Universiteit Leiden

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‘My internship has taught me to look around me a bit more sometimes’

Public Administration student Iris did an internship at the Ministry of the Interior and Kingdom Relations. During her internship, she dealt with election accessibility.

Why did you do an internship?

Iris: ‘After two years of studying, I wanted to do something different. I also wanted to find out what I thought of my future work field. Do I want to work at a ministry when I'm done with my studies? I hoped an internship would give me an insight into my future career.’ 

What were your tasks during your internship?

‘During my internship, I was part of the team elections where I dealt with election accessibility. Here, I focused on how to improve accessibility. For this purpose, I organised six meetings in different parts of the Netherlands. The purpose of these meetings was to engage in a dialogue with municipality officials, interest groups and experts. They could learn from each other about how accessibility is dealt with in different municipalities.’ 

What did you personally learn about accessibility in elections that you didn't know before this internship?

‘I think I learned more about accessibility in general. When I stand at the tram stop in the morning, I always see the blind guideline and now, I try to not stand on it anymore. A lot of people still do that and don't know this line is crucial for someone who is visually impaired.  My internship has taught me to look around me a bit more sometimes.  I notice these things more now because I have been working on the theme. You just have a lot more eye for a bit more accessibility.’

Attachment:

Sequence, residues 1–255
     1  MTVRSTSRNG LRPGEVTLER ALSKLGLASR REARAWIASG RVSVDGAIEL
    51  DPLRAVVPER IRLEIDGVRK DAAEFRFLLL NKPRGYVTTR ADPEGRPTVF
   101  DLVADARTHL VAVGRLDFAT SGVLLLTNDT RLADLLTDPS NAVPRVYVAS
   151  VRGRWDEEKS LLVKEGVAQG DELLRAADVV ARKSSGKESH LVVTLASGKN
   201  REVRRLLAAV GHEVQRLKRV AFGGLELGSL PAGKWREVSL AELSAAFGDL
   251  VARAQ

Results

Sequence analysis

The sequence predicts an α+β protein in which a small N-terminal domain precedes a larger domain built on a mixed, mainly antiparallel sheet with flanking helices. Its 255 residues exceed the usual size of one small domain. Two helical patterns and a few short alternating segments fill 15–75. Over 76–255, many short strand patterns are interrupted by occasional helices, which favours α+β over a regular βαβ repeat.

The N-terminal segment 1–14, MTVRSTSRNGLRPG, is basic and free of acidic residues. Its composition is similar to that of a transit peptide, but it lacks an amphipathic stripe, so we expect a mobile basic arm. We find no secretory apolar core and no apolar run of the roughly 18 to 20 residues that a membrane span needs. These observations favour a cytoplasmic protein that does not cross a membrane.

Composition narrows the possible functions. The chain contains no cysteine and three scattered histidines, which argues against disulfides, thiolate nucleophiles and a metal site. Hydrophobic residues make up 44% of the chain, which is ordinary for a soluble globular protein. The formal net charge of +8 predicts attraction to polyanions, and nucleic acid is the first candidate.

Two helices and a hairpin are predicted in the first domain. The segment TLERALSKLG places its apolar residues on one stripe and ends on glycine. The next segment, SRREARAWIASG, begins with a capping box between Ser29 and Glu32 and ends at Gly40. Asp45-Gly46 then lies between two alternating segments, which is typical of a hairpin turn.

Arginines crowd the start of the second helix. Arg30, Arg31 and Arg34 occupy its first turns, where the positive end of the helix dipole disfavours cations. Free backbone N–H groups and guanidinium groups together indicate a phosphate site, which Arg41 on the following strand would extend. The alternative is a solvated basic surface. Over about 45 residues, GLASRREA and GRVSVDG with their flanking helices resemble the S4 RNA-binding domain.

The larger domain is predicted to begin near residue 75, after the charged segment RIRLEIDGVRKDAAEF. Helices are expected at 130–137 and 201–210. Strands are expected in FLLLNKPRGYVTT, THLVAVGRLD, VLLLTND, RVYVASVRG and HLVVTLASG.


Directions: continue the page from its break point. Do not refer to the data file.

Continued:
Do you have a moment during your internship that has stayed with you?

‘The regional meetings have stayed with me the most. I organised these myself and you work towards such a moment for months. I thought that first event was super cool, and it was nice to see that what I had in my head for months finally became reality. In addition, I got to take notes at several ministerial debates. My first debate was in the Senate; it was an exciting debate because it was about a bill that had to be passed on that day. Otherwise, they wouldn't have enough time to make it possible before the elections.  During such a debate, you get to experience the whole 'show' and that was nice to see.’ 

What was a challenge during your internship?

‘At the university you are in a study mode. During an internship, you enter a work environment, and everyone is used to a certain way of doing their job. It took me some time at the beginning to get used to that. Something else that was a challenge was the contact with the different interest groups. It was a challenge to find a good balance between how often you speak to which interest group. Of course, you don't want a conflict of interest.’ 

Would you recommend internships to other students?

 ‘One hundred percent. I think it's nice to learn what you like and what you don't like at all. Also, through an internship you can easily look into the working world. After that, you can get out again, which is not that easy when you start a job somewhere. When you don't have a nice internship, you also have the prospect of an end date.’  

Text: Annemieke van Es 

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